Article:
technophobia is alive, well, and still wrong
Ted Kaczynski's technophobic manifesto lives on and its ideas found an appreciative audience.
Since the dawn of industrial technology there have been those who looked at any new tool or idea and said it was dangerous and totally degrading to humanity as a whole. From early opponents of vaccination who said that an intervention to help people avoid disease would interfere with God’s will, to farmers who smashed machines they were convinced would take away their jobs, to modern anti-internet crusaders, technophobia has a very, very long history.
Go back in time far enough and I assure you that someone balked at the notion of using a pointed, sharp rock to cut up animal flesh, wondering why oh why our hands weren’t enough and declaring that if we’re meant to eat animal flesh, we would’ve evolved to have claws and fangs. And in recent history few people exemplified radical technophobia more than Kaczynski, who believed that technology was enslaving all humanity, so much so that something had to be done about it, it being a terrorist campaign that is. Now that he will be housed in a supermax prison for the remainder of his life we could dismiss him as a loon and his 35,000 word manifesto as a rant, but the fact of the matter is that there are those who seriously study his views on technology.
Generally technophobes insist only on seeing the absolute worst in any new device or platform no matter how contrived their fears have to be in order to cast the offending new thing in a negative light. From e-books being catalysts for the fall of civilization, to comic book science turning the future into dystopian sci-fi novel as an unruly tangle of social media sites slowly reduces the brains of anyone under 30 to mush while technocrats on the Illuminati payroll poison the world with modern medicine, technophobes continue offering ever more dire scenarios for how our innovation will be the end of us all, much like how an overprotective mother refuses to let her kids go out and play because she’s obsessed with hyperventilating over every bad thing that has any possible chance of happening to her children, no matter how small that chance is.
They feel ignored and very alienated in a world that mindlessly praises technology, as David Skrbina, a philosopher who sympathetically analyzes Kaczynski’s manifesto and their scholarly back and forths with his students, tells those who ask why he studies the Unabomber’s ideology. Of course he has a right to research what interests him and we should try and figure out what people we consider maniacs really think even if only out of clinical curiosity so we know how to catch them in the future. Kaczynski was paranoid, he was very, very far from an ignoramus, so his train of thought is usually quite cogent and we can learn why he did what he did and what led him there.
But the big problem here is that Skrbina isn’t the objective clinician of technophobic thought he tries to present himself to be. Rather than focusing in on how legitimate misgivings or disagreements with certain ideas turn into violent extremism, he’s using Kaczynski’s ideology to further his own message of how technology harms the human condition and is fundamentally detrimental to the planet. He is very much, to borrow from Orac, the kind of crunchy New Ager you wouldn’t be surprised to find writing screeds about the dehumanizing influence of scientific rationalism to promote his version of animism over on the Huffington Post.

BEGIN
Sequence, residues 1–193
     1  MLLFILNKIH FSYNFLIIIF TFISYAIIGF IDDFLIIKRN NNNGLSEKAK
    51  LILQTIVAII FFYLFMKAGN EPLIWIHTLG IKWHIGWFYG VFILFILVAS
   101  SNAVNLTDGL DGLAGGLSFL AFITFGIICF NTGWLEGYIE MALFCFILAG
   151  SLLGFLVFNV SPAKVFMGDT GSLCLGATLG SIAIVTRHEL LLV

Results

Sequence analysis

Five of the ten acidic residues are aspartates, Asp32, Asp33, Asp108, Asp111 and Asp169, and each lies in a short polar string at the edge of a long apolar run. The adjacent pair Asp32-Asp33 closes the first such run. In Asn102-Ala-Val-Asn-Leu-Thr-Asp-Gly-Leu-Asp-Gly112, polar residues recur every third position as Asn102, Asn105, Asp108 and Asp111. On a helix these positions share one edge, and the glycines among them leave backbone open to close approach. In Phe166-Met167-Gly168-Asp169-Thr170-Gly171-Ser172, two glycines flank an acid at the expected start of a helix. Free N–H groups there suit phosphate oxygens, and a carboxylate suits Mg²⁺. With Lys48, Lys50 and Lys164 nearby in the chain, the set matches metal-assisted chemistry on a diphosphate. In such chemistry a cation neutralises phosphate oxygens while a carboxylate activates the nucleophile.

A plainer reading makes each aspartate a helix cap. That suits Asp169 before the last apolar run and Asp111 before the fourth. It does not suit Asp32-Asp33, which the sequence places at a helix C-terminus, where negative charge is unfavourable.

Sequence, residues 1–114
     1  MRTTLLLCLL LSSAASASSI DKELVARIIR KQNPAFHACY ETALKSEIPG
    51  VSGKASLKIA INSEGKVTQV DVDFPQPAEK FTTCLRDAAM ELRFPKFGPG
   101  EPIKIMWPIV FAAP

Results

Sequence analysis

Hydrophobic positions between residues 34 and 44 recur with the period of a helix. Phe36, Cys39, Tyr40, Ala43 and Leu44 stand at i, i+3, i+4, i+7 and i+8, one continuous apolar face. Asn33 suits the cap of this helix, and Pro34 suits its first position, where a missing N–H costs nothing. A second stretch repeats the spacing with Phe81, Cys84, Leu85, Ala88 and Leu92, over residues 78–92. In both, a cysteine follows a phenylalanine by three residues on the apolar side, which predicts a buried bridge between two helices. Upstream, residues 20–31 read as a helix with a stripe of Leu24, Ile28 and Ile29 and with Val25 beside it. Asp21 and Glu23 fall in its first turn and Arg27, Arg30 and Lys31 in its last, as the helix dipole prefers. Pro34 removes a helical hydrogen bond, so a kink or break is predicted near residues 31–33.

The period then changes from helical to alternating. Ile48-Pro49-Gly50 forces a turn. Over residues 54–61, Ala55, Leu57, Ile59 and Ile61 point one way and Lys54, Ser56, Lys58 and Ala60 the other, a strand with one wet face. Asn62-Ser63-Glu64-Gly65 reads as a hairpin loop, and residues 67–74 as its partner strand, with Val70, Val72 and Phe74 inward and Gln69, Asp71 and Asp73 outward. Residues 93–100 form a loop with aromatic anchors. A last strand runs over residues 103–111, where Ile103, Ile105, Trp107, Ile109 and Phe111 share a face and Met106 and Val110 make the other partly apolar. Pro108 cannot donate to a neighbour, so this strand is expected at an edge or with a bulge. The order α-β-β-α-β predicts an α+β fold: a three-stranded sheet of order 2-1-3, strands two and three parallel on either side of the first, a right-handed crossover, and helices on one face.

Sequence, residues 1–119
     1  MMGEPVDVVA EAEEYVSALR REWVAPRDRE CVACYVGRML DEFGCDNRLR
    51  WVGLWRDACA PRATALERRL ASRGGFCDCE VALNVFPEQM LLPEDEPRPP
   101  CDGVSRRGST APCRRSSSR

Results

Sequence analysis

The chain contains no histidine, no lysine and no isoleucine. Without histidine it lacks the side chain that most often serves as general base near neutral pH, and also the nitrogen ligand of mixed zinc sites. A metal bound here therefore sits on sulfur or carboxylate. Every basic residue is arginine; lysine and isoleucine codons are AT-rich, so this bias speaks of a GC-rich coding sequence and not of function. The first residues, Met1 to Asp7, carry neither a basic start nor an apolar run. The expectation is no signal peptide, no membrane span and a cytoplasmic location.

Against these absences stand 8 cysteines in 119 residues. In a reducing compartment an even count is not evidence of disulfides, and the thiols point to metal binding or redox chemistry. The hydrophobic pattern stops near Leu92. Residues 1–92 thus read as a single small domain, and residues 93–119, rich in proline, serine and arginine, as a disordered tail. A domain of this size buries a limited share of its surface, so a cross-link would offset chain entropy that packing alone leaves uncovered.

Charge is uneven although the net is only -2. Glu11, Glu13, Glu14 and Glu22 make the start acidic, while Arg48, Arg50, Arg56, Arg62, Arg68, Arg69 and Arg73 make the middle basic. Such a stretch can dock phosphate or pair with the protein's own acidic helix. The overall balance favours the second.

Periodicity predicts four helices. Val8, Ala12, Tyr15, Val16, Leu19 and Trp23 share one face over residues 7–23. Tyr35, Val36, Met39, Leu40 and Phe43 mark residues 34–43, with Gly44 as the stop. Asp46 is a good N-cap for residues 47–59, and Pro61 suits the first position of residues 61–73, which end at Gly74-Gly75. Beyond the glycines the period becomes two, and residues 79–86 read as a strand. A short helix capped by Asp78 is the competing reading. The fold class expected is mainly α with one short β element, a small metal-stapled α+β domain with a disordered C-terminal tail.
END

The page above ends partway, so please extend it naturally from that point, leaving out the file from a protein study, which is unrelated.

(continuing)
Worse yet is that most of his premise is flawed at the core since the idea that any new technology is unquestioningly and uncritically praised and accepted couldn’t be farther from the truth, especially among those who actually invent and build new technology. A quick trip to any tech site would show a slew of articles on security issues with popular and ubiquitous technologies as well as occasional missives questioning the need for new gadgets here and new tools there, while trying to find ways to consolidate the tech stacks we have available as not to overwhelm our senses and our users with a flood of things they don’t need. Skrbina might think that the world bows before an altar to the gods of technology on a daily basis but it simply develops new solutions to its problems.
Yes, it is true that there are technophilic utopians out there who earnestly believe that immortality through AI is just around the corner, and proclaim that internet access should be considered as essential as shelter in the developing world, but to say that they represent the majority of the world’s thinking on the subject is wrong to say the least. Humans survived for as long as they have and built civilizations by creatively solving problems with technology. In the absence of natural weapons and immense strength, that’s all we really have and we’ve used this technology to both heal each other and wage war on each other, to connect with each other and spy on each other, to cooperate with each other and compete with each other.
When technophiles like Skrbina, or computer scientists who grew disillusioned with their own work like Jaron Lanier, pine for halcyon days of humans living without so much technology, they’re living in an idealized past and ignore the problems that the technology created between then and now was meant to solve. Few will argue that technology by itself is pure and absolute good which always makes things better, but overall, we’ve used it more for good than for ill. Just consider that since the Industrial Revolution we’ve doubled the human lifespan, added volumes of new ideas and scientific knowledge to our libraries, traveled to other worlds, wired the planet, and learned to treat once fatal disease. Certainly Skrbina wouldn’t want to live in 1712 instead of 2012, would he?